Traffic violations are frustrating because they are almost always an avoidable expense. How much of an expense varies. It’s almost impossible to determine the exact cost of any traffic violation. But it is clear that there are certain violations that will be more expensive than others. The cost of each violation is determined by a combination of three separate factors:
1. Fines and penalties. These are imposed by the local jurisdictions as a penalty for traffic violations. They can range from $50 for missing paperwork, up to more than $1,000 for DUI or reckless driving.
2. Insurance surcharges. Insurance companies regularly check motor vehicle records for customer violations. If they find any, they will increase your car insurance premiums by a certain percentage to offset the increased risk that you represent to the company. These surcharges vary by both location and the type of violation. This is why safe driving can help you lower your auto insurance premiums.
3. “Points” for driving violations. States assign points for various violations that can remain on your driving record for several years. Though these are not a direct cost, they form the basis of other charges. Insurance surcharges are based on them, and if you accumulate too many, your license could be subject to temporary suspension. If you are dependent on driving in order to earn your living – and most of us are – the suspension of your license could be the most expensive cost of all.
Each of the above categories will vary substantially from one state (or even community) to another. But generally speaking, you can expect the following violations to be the most expensive just about anywhere they happen:
Driving under the influence – DUI
On average, a DUI violation will increase your auto insurance premium by 19% – and that’s just for the first offense. Traffic fines can run in excess of $1,000, and a violator will generally receive the highest number of points awarded for any traffic violation.
In California, points resulting from a DUI will stay on your record for ten years. Accumulate too many points, and you can lose your license.
In fact, DUI violations often include the suspension of driving privileges, particularly if they occur in combination with other traffic violations. And statistically, people with DUI infractions have other violations, whether they are immediately connected to the DUI itself or a previous incident.
Extreme situations, or repeat offenses, can result in jail time. Like the suspension of driving privileges, jail time will interfere with the violators ability to earn an income, which can add many thousands of dollars on top of fines and insurance surcharges.
Reckless driving covers a lot of different behaviors, but is generally described as driving with an intentional disregard for property or the safety of other people. It can be something as “ordinary” as tailgating.
The average auto insurance surcharge is actually higher than what it is for DUI, at about 22% per violation. This is at least in part because reckless driving incidents run the gamut. And different jurisdictions have different definitions as to what it includes.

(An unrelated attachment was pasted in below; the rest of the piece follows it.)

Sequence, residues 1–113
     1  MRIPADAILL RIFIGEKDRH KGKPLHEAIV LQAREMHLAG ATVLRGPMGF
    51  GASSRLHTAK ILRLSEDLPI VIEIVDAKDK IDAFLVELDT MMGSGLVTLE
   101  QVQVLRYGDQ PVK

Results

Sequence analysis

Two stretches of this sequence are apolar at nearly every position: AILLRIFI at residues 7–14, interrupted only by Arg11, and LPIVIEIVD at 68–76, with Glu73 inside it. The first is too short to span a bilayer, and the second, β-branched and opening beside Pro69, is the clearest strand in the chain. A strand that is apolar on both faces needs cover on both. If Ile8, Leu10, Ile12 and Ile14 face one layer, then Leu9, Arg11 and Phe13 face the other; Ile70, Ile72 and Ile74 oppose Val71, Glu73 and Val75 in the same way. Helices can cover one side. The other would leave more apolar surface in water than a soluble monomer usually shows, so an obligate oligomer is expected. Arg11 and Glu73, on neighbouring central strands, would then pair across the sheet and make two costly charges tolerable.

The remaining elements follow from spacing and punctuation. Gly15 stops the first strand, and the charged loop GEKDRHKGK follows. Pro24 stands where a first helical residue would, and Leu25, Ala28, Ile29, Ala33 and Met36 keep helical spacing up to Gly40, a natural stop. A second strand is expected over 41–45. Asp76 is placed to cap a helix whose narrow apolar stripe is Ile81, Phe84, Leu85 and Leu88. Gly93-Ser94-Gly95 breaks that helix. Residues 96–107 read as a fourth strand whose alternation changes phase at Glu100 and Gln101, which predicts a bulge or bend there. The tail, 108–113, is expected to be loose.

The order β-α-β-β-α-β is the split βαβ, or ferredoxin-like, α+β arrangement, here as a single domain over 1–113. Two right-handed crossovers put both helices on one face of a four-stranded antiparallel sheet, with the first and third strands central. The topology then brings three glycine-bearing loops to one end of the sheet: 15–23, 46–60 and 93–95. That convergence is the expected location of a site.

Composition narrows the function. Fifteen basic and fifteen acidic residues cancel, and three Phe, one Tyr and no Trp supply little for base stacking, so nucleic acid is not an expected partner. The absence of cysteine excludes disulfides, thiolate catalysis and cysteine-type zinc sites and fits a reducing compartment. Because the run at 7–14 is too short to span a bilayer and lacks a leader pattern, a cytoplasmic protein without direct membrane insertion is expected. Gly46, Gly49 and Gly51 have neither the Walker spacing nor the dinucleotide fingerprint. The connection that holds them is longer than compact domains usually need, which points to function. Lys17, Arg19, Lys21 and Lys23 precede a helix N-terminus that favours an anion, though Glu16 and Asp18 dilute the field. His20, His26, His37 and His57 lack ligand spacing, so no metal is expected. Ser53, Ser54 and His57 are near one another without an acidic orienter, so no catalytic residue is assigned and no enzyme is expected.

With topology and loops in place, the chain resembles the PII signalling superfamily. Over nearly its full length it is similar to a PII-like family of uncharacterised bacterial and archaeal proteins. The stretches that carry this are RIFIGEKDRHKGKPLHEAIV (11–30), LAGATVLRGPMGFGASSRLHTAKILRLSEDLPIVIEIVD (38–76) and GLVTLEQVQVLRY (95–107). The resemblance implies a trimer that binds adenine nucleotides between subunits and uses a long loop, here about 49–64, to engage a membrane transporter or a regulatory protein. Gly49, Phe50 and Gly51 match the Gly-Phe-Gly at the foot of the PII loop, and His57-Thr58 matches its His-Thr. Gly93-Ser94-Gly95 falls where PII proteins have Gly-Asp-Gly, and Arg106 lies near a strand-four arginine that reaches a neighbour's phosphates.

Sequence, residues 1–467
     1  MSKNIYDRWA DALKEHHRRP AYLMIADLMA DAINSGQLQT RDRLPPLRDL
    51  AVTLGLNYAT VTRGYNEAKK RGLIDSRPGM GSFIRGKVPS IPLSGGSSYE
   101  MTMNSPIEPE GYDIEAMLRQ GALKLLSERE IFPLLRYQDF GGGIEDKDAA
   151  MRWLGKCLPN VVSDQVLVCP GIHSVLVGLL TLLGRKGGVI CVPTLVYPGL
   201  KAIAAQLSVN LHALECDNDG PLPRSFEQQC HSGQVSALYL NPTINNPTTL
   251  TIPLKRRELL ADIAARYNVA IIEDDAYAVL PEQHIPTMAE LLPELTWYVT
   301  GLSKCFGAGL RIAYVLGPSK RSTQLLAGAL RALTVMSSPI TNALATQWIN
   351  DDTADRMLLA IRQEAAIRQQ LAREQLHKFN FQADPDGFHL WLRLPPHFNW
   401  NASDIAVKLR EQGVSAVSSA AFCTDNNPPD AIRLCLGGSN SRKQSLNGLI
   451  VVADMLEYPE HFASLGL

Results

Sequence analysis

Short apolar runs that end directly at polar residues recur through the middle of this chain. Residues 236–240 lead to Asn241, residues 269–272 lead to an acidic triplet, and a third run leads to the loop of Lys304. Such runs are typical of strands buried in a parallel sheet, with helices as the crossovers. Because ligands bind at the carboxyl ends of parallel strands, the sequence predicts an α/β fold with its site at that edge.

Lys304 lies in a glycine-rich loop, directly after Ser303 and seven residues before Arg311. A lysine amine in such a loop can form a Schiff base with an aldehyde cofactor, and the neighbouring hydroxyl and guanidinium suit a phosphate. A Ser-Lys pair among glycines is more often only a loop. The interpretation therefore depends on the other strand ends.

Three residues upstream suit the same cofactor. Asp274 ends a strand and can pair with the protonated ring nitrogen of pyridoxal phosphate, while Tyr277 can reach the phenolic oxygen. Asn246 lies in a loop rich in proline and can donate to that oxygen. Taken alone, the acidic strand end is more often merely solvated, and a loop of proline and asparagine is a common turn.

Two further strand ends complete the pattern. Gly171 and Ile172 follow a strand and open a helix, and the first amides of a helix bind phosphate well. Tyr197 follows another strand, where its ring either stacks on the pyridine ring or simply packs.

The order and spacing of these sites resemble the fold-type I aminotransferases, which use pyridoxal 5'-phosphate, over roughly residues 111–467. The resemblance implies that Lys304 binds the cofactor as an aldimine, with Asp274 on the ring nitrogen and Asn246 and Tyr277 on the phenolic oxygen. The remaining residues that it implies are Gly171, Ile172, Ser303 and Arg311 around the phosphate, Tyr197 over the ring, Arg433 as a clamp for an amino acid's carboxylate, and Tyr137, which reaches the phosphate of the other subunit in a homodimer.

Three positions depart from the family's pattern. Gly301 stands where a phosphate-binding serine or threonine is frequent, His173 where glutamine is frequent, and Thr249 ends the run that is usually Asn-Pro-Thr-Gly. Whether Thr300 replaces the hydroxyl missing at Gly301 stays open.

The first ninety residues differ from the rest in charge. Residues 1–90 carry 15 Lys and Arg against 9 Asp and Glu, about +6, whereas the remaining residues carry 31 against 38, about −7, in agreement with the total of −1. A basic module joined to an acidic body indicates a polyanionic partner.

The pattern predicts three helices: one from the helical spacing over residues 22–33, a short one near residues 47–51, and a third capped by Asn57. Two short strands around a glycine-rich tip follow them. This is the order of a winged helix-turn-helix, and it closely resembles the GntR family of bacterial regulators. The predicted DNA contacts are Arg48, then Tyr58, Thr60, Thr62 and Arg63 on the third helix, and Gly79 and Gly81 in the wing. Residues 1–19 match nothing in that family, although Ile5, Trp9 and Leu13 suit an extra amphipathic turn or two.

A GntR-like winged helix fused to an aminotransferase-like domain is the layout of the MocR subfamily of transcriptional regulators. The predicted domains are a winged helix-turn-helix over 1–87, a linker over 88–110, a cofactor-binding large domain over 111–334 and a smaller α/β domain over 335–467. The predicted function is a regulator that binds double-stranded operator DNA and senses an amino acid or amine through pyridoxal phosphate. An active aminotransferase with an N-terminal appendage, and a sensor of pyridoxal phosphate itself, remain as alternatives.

Much like DUI, reckless driving can involve fines well beyond $1,000. In cases involving personal injury and certainly death, both license suspension and jail time is common.
Driving without a license or permit
We have to make a distinction here when it comes to driving without a license or permit. Simply not having a license or permit on your person at the time of a police stop is usually a minor violation. Often, that violation will be waived if you can produce the required license or permit within a specified amount of time.
But then there is true driving without a license or permit – as in you don’t have one, or the one you had was suspended or revoked. This kind of violation is a heavyweight on the expense side. Insurance surcharges average 18%, and while fines may only be a few hundred dollars, there’s a high likelihood of jail time.
Like reckless driving, careless driving can have different meanings in different jurisdictions. In general, while reckless driving involves intentional disregard for safety, careless driving is more about negligent disregard.
Despite the lower status of careless driving, the expense of a violation is still a stiff one. Insurance surcharges average 16%, and much like reckless driving violations, fines can run from a few hundred dollars, to well past $1,000. Much depends upon personal injury or the extent of damage created by the violation. At the upper end, this can also lead to license suspension and jail time.
Speeding 30 or more miles over the limit and failure to stop (tie)
These two violations will result in an average insurance surcharge in the neighborhood of 15%. Fines are high because of the very real potential for personal injury.
Notice that the cost for speeding is on a high-end – at 30 or more miles over the posted speed limit. Exceeding the speed limit at lower speeds can result in significantly lower penalties, particularly insurance surcharges. In some states, insurance companies will not even impose a surcharge, for example if the violation is for no more than 10 miles over the speed limit.
Failure to stop involves several possible scenarios, depending on jurisdiction:
- Running a red light
- Making a right turn on red without first stopping
- Running a stop sign
- Failing to stop at an emergency stop (police stop)
- Failing to stop for a school bus
Whatever the violation, considering the number of potential expenses involved in any driving incident should be strong motivation to slow down and be more careful while driving.
(Insurance surcharge source: Insurance.com.)